Online sales technology expert Phil Bird ponders the short-term gains of selling off surplus stock cheaply against the long-term risks to brand and the bottom line
The January sales are a staple of the UK’s retail calendar, and retailers across the country are taking stock of how well they seized the New Year opportunity to clear past-season and outdated stock after the Christmas stock-buying boom.
It is a received wisdom that selling directly to consumers in sales is the best way to achieve maximum returns. However, with new technologies and emerging markets Phil Bird, chief executive of online auction technology platform provider Perfect Channel
, questions whether this is still the case. "Are ‘sales’ for everyone?" he asked.
The benefits of sales are well discussed; increased foot or website traffic
, sales volume and ultimately happy customers. “The enduring image of sales is the crush of people waiting for department store doors to open on Boxing Day
and rushing in full of excitement,” commented Bird. “Sales offer a tantalising mix of footfall
, excitement, commercial visibility and the chance to monetise depreciating assets.
“But buying ‘off price’ is a sensitive issue; it should be part of a considered strategy rather than a matter of course,” he urged. As with every business decision, he highlighted how offering discounts has intrinsic risk as well as reward. He also outlined the potential to devalue brands, lower customers’ price expectations, and making businesses dependant on short-term boosts as potential risks.
Exploring discount-led alternatives
“There have always been alternatives to sales for businesses that value brand perception and profit margins above sale volumes,” he continued, “and technology is now increasingly opening avenues for brands and retailers.”
He cited ‘members only’ third-party discount websites as one example that could offer the equivalent of brick-and-mortar outlet stores for luxury brands. Individual brands have even adapted this model into their own discount websites; some with ‘waiting lists’ enhancing the perceived brand value rather than diminishing it.
With online sales now driving more than half of retail growth
, an online storefront is extremely valuable. But particularly for exclusive brands, selling at discount prices – whatever the channel – is still a risk, according to Bird.
He is also working on a new approach that combines the 'Members Only' tactic with auction technology. Bird said he believe this will change the market, allowing brands to enjoy increased return and an opportunity for consumers to benefit from pricing set by their demand.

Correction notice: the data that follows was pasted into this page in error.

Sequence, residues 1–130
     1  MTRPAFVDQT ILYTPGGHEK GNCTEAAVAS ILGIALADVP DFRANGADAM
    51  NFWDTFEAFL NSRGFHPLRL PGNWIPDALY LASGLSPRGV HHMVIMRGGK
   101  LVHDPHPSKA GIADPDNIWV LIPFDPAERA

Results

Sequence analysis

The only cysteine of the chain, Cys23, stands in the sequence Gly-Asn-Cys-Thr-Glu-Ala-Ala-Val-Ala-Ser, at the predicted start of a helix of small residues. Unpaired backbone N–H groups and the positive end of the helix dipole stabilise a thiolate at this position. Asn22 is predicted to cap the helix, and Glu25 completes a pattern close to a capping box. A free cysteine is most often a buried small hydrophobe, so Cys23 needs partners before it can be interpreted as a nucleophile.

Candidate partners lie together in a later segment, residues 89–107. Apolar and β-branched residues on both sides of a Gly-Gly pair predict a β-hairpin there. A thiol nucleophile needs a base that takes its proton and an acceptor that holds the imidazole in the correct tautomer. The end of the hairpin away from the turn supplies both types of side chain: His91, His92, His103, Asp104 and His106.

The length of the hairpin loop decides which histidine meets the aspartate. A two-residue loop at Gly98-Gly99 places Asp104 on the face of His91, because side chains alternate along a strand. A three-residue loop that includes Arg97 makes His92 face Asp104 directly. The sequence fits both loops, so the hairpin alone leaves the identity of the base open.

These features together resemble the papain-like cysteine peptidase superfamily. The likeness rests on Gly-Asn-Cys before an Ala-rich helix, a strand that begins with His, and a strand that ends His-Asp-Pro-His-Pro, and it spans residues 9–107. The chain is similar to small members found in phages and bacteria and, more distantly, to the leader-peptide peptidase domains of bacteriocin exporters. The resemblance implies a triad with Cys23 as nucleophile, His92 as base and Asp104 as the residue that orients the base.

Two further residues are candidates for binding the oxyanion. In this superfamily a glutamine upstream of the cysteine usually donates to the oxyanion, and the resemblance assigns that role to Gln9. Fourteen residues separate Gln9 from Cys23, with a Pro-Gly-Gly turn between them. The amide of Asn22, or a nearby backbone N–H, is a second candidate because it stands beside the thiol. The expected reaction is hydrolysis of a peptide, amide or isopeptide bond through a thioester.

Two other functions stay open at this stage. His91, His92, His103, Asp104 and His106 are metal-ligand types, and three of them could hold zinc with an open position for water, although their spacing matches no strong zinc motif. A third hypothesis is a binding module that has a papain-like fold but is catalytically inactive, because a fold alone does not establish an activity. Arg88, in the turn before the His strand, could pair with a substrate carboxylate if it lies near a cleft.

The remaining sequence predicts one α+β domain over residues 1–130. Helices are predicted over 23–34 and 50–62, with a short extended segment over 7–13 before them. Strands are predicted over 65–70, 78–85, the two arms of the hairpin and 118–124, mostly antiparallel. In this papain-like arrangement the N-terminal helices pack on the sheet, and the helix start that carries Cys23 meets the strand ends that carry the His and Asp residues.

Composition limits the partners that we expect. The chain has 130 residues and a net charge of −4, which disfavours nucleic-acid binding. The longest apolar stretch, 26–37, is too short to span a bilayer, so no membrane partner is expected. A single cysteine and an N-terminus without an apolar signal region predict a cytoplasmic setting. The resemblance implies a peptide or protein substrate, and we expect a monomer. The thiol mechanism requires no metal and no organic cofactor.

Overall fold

Tackling the wholesale question
"Clearing stock wholesale does sidestep the issue of brand value but, as with every stock-clearance decision, it’s a matter of risk and reward," he said. "A typical wholesale return on an asset like this might be 40% in a conventional transaction but, particularly for out of season or rapidly-depreciating stock, this can be the best option."
The value of online wholesale transactions is not to be undervalued, advised Bird. “Last year’s smartphone might have depreciated significantly in the UK, but may be very much in demand in other countries. Wholesale stock clearance using online platforms gives sellers access to these markets.”
He added: “It’s also wise to consider different sales models, using online auctions is one way businesses can increase return on goods. It’s a conversation, allowing retailers and buyers to open a dialogue in a price-sensitive relationship. This can often provide invaluable information and a higher market price than expected – returns can increase between 5-20% just by switching to an auction model.”
Bird concluded: “As the saying goes, ‘it’s only worth what someone is willing to pay’ so, when you’re considering clearing methods for the next season, the best solution will be one that preserves perceived value, results in the best possible return and leaves everyone feeling like they’ve won. What mechanisms form that solution is best decided on a business-by-business basis.”